This cold soup was to die for on a hot summer day in the USSR!Maria Afonina
The first appearance of okroshka soup on record was in the Nikolay Osipov book ‘The Old Russian Homemaker, Housekeeper and Cook’, back in 1790. The okroshka there is made with different kinds of fried meat, onion, fresh and pickled cucumbers and sour cream. Pickle juice, kvass or stchi (sauerkraut soup) was recommended as stock. Vinegar sometimes also showed up in those old recipes - which can be explained by fresh meat being somewhat of a delicacy that few could afford. Obtaining fresh meat in the summer was difficult (livestock would be slaughtered in the fall), so salted meat was the way to go. But it was often tough and not salted properly. That’s where vinegar came in. And it stayed that way until the 1830s, when meat finally became more affordable to a larger portion of the population.
In the mid 19th century, okroshka - believe it or not - even used to be a delicacy, one that could often be seen on dinner tables during official functions and high-society parties in the capital. One prominent recipe consisted of adding lamb, veal, corned beef, ham and smoked beef tongue. Others included fish and various sorts of mushrooms. Stchi or “high-quality kvass” were used for stock.
So when did kefir show up? The mass production of the fermented drink began at the start of the 20the century in Russia, leading to a gradual acceptance of it in Soviet ideology as an important element for a healthy diet. Kvass wasn’t yet widely available at the time, while home production was too much of a hassle. Kefir was a great alternative.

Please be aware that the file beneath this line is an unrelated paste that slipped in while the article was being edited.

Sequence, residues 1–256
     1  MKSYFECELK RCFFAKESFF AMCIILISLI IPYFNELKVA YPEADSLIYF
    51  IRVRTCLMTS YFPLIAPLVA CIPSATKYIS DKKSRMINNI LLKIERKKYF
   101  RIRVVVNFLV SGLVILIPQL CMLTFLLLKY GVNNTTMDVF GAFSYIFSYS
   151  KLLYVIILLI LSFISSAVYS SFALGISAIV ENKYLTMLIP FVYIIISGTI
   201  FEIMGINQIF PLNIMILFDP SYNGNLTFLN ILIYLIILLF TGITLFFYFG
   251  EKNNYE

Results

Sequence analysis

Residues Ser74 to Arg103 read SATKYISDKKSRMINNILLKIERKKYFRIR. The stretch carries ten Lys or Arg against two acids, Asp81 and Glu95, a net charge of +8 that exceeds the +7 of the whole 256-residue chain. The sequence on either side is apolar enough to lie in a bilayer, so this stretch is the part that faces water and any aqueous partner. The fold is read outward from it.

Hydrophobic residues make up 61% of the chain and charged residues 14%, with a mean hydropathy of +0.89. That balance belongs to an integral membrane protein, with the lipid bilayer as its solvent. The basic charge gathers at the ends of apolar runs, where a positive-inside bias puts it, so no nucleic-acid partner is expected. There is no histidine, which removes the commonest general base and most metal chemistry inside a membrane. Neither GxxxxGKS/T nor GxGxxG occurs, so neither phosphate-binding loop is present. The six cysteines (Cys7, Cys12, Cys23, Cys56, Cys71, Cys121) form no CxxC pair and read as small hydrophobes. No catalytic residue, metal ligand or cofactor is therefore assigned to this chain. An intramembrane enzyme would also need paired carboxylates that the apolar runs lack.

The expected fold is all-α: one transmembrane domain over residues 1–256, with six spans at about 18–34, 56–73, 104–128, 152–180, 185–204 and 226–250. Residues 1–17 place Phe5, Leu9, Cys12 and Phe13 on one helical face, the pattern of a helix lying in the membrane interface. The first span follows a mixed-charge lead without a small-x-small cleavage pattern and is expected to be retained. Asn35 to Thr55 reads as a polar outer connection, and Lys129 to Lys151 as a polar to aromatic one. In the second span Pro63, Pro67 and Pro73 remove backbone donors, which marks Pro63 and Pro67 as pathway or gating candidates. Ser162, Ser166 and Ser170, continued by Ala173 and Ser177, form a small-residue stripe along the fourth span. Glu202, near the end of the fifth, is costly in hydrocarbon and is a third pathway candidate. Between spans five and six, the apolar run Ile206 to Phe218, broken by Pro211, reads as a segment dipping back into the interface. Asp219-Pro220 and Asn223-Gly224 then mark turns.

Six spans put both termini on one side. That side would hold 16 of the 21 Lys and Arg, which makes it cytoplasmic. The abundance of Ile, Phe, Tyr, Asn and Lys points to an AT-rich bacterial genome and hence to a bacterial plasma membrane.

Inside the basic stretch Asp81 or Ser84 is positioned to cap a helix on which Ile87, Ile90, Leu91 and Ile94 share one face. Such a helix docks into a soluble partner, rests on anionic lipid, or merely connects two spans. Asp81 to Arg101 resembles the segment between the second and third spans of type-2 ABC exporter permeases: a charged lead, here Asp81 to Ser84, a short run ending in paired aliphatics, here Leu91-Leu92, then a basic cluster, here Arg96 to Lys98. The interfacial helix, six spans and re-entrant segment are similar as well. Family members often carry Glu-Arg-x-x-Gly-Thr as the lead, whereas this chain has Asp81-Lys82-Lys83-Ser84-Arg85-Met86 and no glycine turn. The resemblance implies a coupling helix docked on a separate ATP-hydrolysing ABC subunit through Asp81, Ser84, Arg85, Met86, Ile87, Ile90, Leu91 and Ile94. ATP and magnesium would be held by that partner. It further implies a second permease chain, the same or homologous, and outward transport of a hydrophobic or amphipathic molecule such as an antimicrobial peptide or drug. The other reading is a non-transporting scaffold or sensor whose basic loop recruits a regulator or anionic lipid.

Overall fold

Food historians also suspect that the Zakavkazye cuisine also played a big part. For example, the Georgian soup with matsoni, the Armenian spas or the Azeri dovga - all are close relatives to kefir-based okroshka. So, it’s no surprise that these days the cold soup is prepared not only with kvass, sparkling mineral water and kefir, but also with the use of Caucasian drinks, such as tan or ayran.
In addition to that, the Soviet deficit period also introduced pork sausage to the recipe, which was considered a poor man’s version of meat. And it’s still used to this day.
(for 6 portions)
1. Boil the potatoes with the skin until ready.
2. Hard-boil the eggs, peel and dice.
3. Cut the cucumbers (best to peel beforehand) and pork sausage into cubes. The sausage can be swapped for boiled beef. Chop the herbs and cut the radish into thin slices.
4. Cool the potato, then peel and cut into small cubes.
5. Put the potatoes, cucumbers, radish, egg and sausage into a pot. Cover with kefir and dilute with warm water (or sparkling mineral water) until the texture resembles a soup. Add salt to taste.
6. Serve with sour cream, herbs, and decorate with an egg half and some radish. Bon appetit!
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